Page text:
The Vegetable Gardener’s Guide to Crop Rotation - Modern Farmer

The Vegetable Gardener’s Guide to Crop Rotation

Try this simple and effective tool to manage pests and boost soil health in your garden.

For larger gardens, beds in rows can be planted by group and rotated, like these bush beans and onions.
Photography by Maren Winter, Shutterstock.

There are ways to improve soil health, control diseases and manage pests without applying heavy amounts of fertilizer or pesticides. For gardeners committed to growing several years into the future, crop rotation is one method to utilize.

Crop rotation, a practice widely utilized by farmers, is exactly how it sounds. It involves rotating the planting location of your fruits and vegetables across a sequence of growing seasons. How it works requires an explanation: Plants add just as many nutrients to the soil as they take from it. Rotating the location of crops allows for different nutrients to be distributed throughout your garden from year to year, helping to balance the structure of the soil. 

Certain plants can introduce diseases that are soil borne. Even after that crop is harvested, they can remain in the soil. But by removing plants that host certain pests or can introduce a possibility for attracting pathogens the following season, you can help break the cycle and avoid infecting new plants of the same family or variety. Moving crops around can also make it more difficult for overwintering pests to find food when the ground thaws. 

[RELATED: A Guide To Homemade Mulch]

It’s important to note that crop rotation is not a one-size-fits-all solution for boosting soil quality or ridding a garden of its diseases and pests. It’s most effective when used in combination with other applications. But there is growing evidence to support that crop rotation helps with soil health and crop yields.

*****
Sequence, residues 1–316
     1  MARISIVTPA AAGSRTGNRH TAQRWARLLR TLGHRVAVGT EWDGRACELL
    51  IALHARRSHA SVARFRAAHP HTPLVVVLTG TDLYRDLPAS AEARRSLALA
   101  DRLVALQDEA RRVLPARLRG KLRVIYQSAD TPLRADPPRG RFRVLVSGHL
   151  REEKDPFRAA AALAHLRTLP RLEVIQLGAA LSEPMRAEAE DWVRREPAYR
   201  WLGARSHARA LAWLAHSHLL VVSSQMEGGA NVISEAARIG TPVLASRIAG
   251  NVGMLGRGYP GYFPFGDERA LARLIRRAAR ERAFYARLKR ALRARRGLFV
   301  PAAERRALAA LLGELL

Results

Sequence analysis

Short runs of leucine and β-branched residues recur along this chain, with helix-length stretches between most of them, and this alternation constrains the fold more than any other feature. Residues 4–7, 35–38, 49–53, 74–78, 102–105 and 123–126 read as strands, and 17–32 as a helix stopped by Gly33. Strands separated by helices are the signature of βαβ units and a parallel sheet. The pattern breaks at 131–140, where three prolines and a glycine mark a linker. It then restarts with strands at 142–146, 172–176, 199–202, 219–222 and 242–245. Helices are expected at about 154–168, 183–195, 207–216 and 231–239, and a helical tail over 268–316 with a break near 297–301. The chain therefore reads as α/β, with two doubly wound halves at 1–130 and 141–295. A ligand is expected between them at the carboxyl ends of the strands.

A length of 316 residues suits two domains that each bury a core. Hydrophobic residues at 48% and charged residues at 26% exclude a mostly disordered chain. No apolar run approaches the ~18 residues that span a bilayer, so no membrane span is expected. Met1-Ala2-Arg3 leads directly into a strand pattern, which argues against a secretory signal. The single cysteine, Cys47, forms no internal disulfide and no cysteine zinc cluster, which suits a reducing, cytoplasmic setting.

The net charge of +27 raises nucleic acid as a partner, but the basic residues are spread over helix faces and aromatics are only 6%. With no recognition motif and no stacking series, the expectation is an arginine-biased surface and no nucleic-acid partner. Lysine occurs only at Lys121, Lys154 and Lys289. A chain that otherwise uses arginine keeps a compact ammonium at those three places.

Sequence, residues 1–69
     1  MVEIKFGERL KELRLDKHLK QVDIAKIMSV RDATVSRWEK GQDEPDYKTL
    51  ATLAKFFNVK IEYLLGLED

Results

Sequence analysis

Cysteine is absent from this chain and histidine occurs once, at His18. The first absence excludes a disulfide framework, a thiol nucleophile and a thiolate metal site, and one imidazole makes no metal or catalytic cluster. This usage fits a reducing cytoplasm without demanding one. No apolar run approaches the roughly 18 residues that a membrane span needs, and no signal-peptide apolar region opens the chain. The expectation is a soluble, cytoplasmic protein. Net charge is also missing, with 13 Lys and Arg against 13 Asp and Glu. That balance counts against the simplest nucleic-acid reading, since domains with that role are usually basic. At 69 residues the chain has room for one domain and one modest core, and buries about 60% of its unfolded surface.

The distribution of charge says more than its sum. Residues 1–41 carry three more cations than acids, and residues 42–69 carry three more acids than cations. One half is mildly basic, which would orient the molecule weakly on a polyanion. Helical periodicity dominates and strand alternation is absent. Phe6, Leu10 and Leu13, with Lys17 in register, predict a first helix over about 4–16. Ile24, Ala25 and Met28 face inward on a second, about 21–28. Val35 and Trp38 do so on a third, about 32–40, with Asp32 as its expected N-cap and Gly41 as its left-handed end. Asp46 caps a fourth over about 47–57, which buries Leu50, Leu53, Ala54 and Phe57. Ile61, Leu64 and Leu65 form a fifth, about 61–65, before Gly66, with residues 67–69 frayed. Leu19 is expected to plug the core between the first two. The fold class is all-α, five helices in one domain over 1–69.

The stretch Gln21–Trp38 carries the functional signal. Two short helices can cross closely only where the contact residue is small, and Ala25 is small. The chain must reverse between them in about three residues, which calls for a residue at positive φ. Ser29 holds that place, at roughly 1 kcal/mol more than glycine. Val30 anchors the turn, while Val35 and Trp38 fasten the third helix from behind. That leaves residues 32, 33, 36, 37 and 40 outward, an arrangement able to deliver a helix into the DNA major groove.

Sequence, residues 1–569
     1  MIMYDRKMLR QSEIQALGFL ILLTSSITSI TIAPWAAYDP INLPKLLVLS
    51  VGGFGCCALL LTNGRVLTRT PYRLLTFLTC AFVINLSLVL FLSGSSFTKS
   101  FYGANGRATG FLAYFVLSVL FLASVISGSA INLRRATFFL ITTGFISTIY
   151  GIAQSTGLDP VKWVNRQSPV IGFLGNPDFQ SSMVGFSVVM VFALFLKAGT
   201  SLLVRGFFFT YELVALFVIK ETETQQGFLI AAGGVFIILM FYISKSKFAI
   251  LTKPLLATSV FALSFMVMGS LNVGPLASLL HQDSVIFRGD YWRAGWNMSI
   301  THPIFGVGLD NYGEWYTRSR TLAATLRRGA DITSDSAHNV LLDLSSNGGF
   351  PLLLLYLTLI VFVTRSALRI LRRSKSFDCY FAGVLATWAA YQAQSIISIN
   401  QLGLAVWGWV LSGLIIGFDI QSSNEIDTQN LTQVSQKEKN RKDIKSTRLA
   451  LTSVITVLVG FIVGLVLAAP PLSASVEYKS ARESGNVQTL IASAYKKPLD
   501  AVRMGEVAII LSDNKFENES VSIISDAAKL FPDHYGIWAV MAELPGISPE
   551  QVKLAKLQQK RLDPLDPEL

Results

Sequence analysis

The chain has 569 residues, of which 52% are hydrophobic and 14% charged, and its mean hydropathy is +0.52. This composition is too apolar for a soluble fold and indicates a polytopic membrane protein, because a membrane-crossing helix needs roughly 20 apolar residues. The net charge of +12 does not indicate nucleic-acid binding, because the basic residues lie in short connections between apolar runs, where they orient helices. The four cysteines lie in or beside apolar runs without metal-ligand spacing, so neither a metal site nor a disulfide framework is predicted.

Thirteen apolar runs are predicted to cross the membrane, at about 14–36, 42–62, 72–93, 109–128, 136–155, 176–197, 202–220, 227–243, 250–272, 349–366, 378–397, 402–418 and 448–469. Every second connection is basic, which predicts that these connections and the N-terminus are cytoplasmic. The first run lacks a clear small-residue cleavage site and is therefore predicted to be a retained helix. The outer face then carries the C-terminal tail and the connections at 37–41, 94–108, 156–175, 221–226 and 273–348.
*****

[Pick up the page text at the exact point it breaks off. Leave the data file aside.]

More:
Not sure how to start? Have questions? Not to worry. Follow this guide for an easy transition into the basics of crop rotation. 

Organize Your Plants Into Categories 

Divide your plants into groups related to their nutrient requirements and outputs. There are differing views on how exactly to do this. We suggest organizing your crops in one of two ways: by category or by plant family. 

Rotating By Category

This is best for those who want a beginner option or are working with a smaller space. It involves four categories: 

Legumes
Beans, peas, peanuts, lentils, green peas, chickpeas and soybeans.

Roots
Carrots, turnips, onions, beets, radishes and garlic.

Crops that bear fruit
Cucumbers, tomatoes, squash, eggplant, peppers, melons and corn. And a special addition: potatoes. (Potatoes are an exception in this category because they are susceptible to the same diseases as tomatoes, which is why they’ve been added to the fruiting group. If you have problems with potato blight, you will need to separate them out and ensure that you don’t have them follow each other in your rotation.)

Crops grown for leaves or flowers
Leafy greens such as kale and Swiss chard, lettuce, broccoli, cabbage, spinach, Brussels sprouts and herbs.